By Nicholas Bostick
On Sept. 8, a cease-fire was declared between the Russianbacked forces of Syrian President Bashar Assad and the rebels who’ve fought against his regime since civil war broke out in Syria in 2011.
The cease-fire marked a possible turning point in the tangled web of wars currently ravaging the Middle East. This lets parties on both sides of Syria’s civil war stop to turn their focus toward the currently reeling Islamic State group.
In recent years, IS has lost ground on all sides, according to the Associated Press. Iraqi soldiers liberated Fallujah, Iraq in June 2016. Kurdish factions in Iraq and Syria captured Sinjar – where IS executed 5,000 Yazidi men in 2014 – and Tal Abyad in summer 2015. Syrian government forces, along with Russian support, recaptured the ancient Syrian city of Palmyra.
The cease-fire could have been the beginning of the end for IS. An opening for coalition forces to set their differences aside and give the amalgam of Iraqi Security Forces, the Kurdish Peshmerga and tribal fighting groups a central figure, as their guns surround the IS-held city of Mosul, Iraq.
But Sept. 9, eight days after the cease-fire was struck, a U.S. airstrike killed 62 of Assad’s troops and wounded 100 more.
“Coalition forces believed they were striking [an IS] fighting position that they had been tracking for a significant amount of time before the strike,” read a statement from U.S. Central Command soon after.The airstrike was stopped once Russian officials informed U.S. officials that it was possible the personnel and vehicles targeted were part of the Syrian military.
The airstrike marks the first time U.S. forces have directly attacked Syrian government forces, according to Fox News. And heads are already spinning.
This attack, accidental or not, illustrates not only our own country’s seemingly uncertain position in a war we’ve not declared, but the precarious nature of this war itself.
The Syrian government declared the cease-fire over Sept. 26, according to CNN. They punctuated their message with an airstrike on the rebel-held portion of Aleppo, Syria’s largest city, killing 85 and wounding 300, all while claiming the U.S. was protecting IS when they attacked Syrian soldiers 10 days before.
We aren’t protecting IS. However, after previously bungling airstrikes, including one in July, which according to the Guardian, reportedly killed 73 Syrian civilians, and another in 2015 where, according to news organization Agence France- Presse, the U.S. allegedly bombed a Doctors Without Borders hospital that killed 22, it’s unclear whether we are protecting anyone.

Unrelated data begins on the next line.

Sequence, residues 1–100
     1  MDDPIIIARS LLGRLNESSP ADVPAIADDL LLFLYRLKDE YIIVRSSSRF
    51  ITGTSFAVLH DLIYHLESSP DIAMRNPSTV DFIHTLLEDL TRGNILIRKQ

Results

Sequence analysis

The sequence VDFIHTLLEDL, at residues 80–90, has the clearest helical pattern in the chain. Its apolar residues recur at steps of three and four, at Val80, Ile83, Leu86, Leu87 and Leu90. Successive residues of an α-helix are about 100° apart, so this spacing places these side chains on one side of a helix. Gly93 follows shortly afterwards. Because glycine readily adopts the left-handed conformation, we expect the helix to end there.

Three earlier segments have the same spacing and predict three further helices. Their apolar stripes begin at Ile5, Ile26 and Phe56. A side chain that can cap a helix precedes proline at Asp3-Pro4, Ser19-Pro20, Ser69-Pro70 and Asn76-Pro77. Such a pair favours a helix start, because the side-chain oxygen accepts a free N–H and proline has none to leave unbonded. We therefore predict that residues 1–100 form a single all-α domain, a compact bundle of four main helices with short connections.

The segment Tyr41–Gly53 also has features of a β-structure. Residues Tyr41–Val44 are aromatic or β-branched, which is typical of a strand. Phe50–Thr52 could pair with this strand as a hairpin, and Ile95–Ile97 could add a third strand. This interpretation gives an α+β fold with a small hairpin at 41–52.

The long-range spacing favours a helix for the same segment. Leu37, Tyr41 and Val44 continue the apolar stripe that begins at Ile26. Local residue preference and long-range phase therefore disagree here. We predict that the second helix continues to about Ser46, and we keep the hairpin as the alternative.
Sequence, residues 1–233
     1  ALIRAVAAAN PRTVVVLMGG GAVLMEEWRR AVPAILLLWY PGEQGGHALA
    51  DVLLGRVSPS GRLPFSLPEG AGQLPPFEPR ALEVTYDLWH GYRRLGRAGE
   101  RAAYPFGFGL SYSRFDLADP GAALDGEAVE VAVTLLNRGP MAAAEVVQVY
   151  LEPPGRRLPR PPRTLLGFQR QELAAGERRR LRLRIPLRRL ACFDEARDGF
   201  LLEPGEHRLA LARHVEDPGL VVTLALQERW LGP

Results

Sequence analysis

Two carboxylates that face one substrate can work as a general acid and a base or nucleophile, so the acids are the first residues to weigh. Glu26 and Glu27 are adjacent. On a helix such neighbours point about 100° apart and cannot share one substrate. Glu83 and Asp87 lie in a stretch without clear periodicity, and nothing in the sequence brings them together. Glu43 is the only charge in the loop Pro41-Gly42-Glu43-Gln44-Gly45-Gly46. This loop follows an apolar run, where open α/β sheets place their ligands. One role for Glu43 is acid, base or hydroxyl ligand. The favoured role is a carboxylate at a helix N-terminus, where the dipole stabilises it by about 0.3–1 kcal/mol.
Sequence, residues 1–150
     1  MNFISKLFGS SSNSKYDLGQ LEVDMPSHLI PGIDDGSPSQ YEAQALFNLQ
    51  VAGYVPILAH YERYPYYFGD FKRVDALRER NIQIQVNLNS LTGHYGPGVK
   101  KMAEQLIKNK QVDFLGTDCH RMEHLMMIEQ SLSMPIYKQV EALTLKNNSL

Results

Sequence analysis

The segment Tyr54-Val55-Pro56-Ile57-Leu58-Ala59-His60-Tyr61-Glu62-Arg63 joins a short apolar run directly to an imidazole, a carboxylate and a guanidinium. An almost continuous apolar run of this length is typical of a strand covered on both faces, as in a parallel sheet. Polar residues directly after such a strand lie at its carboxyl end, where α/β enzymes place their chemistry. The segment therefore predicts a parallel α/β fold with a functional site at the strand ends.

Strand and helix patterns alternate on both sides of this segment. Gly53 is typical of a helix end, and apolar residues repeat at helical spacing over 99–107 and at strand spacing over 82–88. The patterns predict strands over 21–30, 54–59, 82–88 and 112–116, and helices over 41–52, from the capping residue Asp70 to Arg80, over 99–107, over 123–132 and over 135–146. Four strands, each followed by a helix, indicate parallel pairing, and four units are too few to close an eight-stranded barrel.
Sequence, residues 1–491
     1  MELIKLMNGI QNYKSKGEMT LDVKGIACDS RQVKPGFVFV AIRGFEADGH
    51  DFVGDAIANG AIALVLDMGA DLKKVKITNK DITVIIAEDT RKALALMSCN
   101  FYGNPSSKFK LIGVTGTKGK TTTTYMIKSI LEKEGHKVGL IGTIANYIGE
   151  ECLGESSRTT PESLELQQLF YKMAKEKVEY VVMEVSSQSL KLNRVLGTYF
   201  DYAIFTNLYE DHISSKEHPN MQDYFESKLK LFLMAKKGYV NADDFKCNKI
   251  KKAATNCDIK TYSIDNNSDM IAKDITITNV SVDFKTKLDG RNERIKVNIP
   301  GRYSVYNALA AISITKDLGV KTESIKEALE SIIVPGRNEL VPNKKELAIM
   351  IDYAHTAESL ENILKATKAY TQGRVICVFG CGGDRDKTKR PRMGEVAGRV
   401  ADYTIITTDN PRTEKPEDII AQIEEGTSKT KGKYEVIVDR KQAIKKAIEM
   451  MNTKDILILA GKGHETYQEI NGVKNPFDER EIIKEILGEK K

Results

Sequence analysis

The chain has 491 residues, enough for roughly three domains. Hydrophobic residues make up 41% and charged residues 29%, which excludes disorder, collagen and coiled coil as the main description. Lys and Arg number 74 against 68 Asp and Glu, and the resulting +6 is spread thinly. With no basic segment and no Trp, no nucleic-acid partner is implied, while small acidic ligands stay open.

The complexities of religious and political rivalries in the Middle East, along with domestic instability in the lead-up to the 2016 presidential election, have muddied our nation’s involvement in the war on terror.
With the Syrian Center for Policy Research reporting 11.5 percent, roughly 470,000 people, of Syria’s population have been either wounded or killed since 2011, we can’t afford the luxury of a divided mission statement as the U.S. sends more resources into the fray.
Assad has utilized chemical weapons to kill nearly 1,500 of his own people, according to a White House statement in 2013. Russia has bombed multiple anti- Assad outposts that were used by American and British forces. And all the while, IS is consolidating its power in Mosul for an attack Iraqi military leaders set for Oct. 15, according to the Business Insider.
Losing a crucial cease-fire between Syria’s Russia-backed government and its U.S.-supported rebels seems too risky a move to make while IS still has a strong foothold in Syria.
We better start learning how to aim instead of worrying about restarting the Cold War. Right now we should be focusing on helping Iraq regain the independence we worked so hard to give them.
Assad can wait for now, IS can’t.